Collections of themed recordings curated by John Noise Manis




Sekaten is a week-long religious Islamic festivity falling in the month of Mulud of the Javanese calendar (the Javanese year is eleven days shorter than the Western one). Ceremonies celebrate the birth and death of the Prophet Mohammed; and the gamelan in Central Java takes a very special sound – a sound that is mystical and powerful at the same time.

When Islam began to spread to Java, from the 15th century onwards, religious leaders thought of using the familiar sound of the gamelan to attract the people to the new faith. Thus, a special ensemble of instruments and a particular style of music were created, which continue to be heard nowadays. At the beginning of the Sekaten week, from each of the two Kratons of Surakarta and Yogyakarta, the two Gamelan Sekati are taken in procession to the Great Mosque. Here they are played every day almost continuously from morning to night. The two gamelans stay inside small pavilions which face one another, and they are played alternatively – when one gamelan finishes, the other begins. The ambience is very noisy and very crowded, as the scene of a popular fair can be. However, the music manages to polarise attention and, if you stand close enough, to induce a state of trance-like rapture and spiritual reflection. The music is loud, so that people can hear it from a distance; it has also the power to stir inner emotions – which may be an intriguing experience for the non-Javanese.

There is a repertory of gendings for each Gamelan Sekati, but for the Western ear it is rather difficult to distinguish one from another. On the other hand, it is fairly easy to distinguish one Gamelan Sekati from the other, as intonation and timbres of instruments vary interestingly. The scale is always the seven-tone pelog. (We briefly touched on scales and intonations of Central Javanese gamelans in the Notes accompanying our previous CD “Classical Gendings”.)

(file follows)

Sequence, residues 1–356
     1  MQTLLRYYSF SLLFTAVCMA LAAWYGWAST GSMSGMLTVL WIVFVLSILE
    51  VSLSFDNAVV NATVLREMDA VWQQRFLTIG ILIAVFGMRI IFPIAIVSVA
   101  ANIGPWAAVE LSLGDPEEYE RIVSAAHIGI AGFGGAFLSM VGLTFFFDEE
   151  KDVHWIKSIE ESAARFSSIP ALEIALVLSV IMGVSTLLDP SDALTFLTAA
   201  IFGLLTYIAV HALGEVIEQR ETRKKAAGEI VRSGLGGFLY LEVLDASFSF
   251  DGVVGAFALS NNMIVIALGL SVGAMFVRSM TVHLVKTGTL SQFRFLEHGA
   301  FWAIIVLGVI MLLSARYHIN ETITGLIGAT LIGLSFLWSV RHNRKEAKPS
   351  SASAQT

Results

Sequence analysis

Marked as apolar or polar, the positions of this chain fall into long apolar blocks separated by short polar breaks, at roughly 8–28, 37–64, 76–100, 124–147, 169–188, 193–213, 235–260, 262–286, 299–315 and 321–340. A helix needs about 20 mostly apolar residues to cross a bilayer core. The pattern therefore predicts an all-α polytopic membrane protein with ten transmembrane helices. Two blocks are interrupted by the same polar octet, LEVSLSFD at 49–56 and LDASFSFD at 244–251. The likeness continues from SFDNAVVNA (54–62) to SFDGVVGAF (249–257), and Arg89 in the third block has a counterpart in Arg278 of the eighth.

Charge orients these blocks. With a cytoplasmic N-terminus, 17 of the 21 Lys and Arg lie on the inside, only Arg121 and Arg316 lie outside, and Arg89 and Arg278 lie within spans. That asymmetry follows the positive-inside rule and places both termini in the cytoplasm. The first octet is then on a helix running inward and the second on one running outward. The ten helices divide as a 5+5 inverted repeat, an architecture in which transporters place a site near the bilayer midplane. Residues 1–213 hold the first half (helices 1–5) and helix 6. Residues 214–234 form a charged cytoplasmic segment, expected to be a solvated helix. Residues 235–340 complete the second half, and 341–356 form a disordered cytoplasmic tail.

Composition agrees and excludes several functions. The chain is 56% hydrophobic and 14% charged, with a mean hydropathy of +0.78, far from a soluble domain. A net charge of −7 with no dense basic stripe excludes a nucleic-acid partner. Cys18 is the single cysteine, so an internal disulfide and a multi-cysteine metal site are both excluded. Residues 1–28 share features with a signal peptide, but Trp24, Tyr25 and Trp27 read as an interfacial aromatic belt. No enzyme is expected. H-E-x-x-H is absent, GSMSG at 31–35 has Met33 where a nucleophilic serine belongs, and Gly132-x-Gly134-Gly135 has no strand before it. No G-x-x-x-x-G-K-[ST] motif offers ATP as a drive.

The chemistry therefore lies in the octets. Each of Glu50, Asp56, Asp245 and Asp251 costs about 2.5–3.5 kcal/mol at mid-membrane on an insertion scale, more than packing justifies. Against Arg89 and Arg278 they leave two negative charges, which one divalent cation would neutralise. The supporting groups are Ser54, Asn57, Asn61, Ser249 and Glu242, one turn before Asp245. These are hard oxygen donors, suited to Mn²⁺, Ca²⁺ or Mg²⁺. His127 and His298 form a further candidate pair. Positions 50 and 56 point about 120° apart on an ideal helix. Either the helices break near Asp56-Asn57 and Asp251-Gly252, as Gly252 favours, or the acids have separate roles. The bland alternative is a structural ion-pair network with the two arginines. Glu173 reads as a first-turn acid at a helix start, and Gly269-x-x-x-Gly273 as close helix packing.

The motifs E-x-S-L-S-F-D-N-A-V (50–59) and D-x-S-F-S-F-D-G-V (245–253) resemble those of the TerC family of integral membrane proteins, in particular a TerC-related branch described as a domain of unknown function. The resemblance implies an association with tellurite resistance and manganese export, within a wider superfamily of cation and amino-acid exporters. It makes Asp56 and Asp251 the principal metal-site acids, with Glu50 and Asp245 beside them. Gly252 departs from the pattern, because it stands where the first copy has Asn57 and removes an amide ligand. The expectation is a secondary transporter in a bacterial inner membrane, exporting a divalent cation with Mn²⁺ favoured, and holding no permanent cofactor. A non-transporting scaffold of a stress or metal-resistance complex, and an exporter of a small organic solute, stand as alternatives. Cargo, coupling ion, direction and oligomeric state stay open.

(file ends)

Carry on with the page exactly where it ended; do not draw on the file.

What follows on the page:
The instruments of a Gamelan Sekati are all of the “loud” type. They comprise the entire family of gongs – both suspended and resting on strings in a wooden frame – the family of sarons – bronze xylophones – and one large barrel-shaped drum called bedug. Not only the instruments are of the loud type – they are enormous, more than double the size of a normal gamelan. Mallets and hammers are consequently big and heavy, including buffalo horns weighted on the striking head with lead. And the force used in sekaten playing is remarkable; this is confirmed in a popular belief according to which, in case a musician succeded in breaking one of the saron keys while playing, he would get a reward from the Kraton.